The Meaning Of Christmas, Kwanzaa, And Hanukkah



Christmas or Christmas Day is an annual holiday that, in Christianity, commemorates the birth of Jesus Christ. It is celebrated on December 25, but this date is not known to be Jesus actual birthday, and may have initially been chosen to correspond with either the day exactly nine months after some early Christians believed Jesus had been conceived, a historical Roman festival, or the date of the northern hemisphere’s winter solstice. The word Christmas originated as a compound meaning “Christ’s Mass”. It is derived from the Middle English Christemasse and Old English Cristes mæsse, a phrase first recorded in 1038. “Cristes” is from Greek Christos and “mæsse” is from Latin mica (the holy mass). In Greek, the letter Χ (chi), is the first letter of Christ, and it, or the similar Roman letter X, has been used as an abbreviation for Christ since the mid-16th century. Hence, Xmas is sometimes used as an abbreviation for Christmas
KWANZAA is a holiday where Black people acknowledge their African roots while at the same time remind themselves of their goals as a people.  

Celebration of this holiday lasts for seven days from December 26 to January 1. Gifts aren’t mandatory when celebrating KWANZAA. When they are given, they are given mainly to children on the basis of merit. The seven principles are: (1) UMOJA (Unity). a commitment to the practice of togetherness both within the family and in our communities; (2) KUJICHAGULIA (Self Determination) is the interest of developing and patterning our lives and images after ourselves instead of having it done for us, (3) UJIMA (Collective Work and Responsibility) which means working together on matters of common Interest; (4) UJAMAA (Cooperative Economics) which is the habit of sharing our wealth and resources; (5) NIA (Purpose) building and developing our national community: (6) KUUMBA (Creativity) to inspire ourselves to keep developing new ways of expressing our music and art as well as being creative In our work and industrial pursuits; (7) IMANI (Faith) believing in ourselves as a people.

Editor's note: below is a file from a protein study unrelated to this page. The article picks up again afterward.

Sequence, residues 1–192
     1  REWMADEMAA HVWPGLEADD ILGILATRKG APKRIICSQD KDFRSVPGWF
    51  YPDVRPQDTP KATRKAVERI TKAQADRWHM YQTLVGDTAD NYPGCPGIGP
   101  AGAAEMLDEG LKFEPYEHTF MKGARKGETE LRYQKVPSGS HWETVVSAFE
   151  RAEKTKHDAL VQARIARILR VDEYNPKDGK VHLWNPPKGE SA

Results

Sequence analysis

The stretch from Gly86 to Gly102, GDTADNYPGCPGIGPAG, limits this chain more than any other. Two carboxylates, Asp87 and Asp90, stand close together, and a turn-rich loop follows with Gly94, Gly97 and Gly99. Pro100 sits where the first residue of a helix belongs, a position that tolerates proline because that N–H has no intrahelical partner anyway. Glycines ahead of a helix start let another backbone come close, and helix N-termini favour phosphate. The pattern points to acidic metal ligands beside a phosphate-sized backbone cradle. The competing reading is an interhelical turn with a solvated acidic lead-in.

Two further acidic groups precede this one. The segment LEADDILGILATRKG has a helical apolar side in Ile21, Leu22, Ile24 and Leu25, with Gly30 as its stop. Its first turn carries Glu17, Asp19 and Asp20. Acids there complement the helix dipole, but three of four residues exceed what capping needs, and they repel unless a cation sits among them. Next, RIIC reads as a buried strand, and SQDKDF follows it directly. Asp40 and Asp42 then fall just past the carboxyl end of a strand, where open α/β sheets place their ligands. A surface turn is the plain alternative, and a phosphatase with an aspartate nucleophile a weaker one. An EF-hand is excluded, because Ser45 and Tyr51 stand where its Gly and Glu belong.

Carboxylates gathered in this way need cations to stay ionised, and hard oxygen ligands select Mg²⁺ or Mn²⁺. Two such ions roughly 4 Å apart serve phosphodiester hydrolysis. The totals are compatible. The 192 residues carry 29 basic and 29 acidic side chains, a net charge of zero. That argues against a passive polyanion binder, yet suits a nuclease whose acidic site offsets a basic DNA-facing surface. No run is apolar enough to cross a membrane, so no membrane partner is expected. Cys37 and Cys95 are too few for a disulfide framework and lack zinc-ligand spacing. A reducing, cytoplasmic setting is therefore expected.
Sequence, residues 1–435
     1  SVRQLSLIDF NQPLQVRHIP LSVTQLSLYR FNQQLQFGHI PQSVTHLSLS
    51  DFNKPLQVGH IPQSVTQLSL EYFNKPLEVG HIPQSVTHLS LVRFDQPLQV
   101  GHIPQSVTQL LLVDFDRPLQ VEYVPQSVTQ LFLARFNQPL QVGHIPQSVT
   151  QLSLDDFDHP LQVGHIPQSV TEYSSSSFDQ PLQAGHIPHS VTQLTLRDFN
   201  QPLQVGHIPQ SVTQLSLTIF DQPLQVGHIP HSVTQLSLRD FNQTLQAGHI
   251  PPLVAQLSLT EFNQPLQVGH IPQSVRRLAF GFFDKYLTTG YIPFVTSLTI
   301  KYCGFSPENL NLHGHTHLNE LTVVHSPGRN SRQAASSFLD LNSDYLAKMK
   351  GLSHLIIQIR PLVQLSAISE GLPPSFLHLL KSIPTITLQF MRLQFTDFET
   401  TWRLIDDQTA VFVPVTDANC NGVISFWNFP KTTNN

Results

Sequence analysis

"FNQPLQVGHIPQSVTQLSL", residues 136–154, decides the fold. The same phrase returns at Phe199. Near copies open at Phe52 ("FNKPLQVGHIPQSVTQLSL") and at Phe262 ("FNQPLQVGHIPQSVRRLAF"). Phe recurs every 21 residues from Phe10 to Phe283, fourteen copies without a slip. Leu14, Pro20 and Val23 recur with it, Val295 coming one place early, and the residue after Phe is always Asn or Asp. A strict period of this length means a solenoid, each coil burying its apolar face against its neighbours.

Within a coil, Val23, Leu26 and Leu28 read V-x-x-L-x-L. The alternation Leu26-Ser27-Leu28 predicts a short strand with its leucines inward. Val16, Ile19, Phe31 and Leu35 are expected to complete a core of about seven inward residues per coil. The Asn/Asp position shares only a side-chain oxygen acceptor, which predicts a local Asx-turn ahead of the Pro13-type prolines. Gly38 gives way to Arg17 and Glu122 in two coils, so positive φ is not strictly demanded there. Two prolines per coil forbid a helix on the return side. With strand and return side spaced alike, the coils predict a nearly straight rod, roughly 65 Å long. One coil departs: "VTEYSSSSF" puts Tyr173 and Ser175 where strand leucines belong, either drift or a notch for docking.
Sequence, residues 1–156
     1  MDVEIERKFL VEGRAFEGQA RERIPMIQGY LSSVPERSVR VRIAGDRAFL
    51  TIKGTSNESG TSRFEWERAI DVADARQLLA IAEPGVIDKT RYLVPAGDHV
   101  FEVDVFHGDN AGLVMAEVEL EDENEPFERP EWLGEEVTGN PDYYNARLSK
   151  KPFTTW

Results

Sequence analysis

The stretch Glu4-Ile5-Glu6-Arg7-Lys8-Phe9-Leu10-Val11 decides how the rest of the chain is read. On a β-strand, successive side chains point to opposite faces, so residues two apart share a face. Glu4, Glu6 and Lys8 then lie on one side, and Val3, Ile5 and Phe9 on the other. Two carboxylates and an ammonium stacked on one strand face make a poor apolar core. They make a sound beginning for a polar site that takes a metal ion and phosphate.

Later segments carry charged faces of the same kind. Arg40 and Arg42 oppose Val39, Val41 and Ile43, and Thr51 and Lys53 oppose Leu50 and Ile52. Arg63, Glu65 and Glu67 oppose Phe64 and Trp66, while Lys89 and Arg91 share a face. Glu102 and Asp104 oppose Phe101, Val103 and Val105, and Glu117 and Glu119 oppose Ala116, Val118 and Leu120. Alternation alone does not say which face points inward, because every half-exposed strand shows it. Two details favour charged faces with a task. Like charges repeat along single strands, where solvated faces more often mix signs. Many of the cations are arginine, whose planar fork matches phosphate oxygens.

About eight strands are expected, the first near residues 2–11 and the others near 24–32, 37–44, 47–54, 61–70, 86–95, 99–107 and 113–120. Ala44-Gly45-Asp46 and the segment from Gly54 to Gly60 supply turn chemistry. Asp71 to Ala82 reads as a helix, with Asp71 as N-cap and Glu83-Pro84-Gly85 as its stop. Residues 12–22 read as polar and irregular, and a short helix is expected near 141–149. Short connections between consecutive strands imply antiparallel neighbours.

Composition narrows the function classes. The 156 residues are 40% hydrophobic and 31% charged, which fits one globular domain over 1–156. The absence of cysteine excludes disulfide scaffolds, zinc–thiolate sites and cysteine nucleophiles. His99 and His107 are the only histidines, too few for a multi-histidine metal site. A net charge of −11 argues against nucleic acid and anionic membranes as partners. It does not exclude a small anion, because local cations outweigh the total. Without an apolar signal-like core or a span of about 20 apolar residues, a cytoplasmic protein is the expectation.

Hanukkah, also known as the Festival of Lights, is an eight-day Jewish holiday commemorating the rededication of the Holy Temple in Jerusalem at the time of the Maccabean Revolt of the 2nd century BCE. Hanukkah is observed for eight nights, starting on the 25th day of Kislev according to the Hebrew calendar, which may occur at any time from late November to late December in the Gregorian calendar



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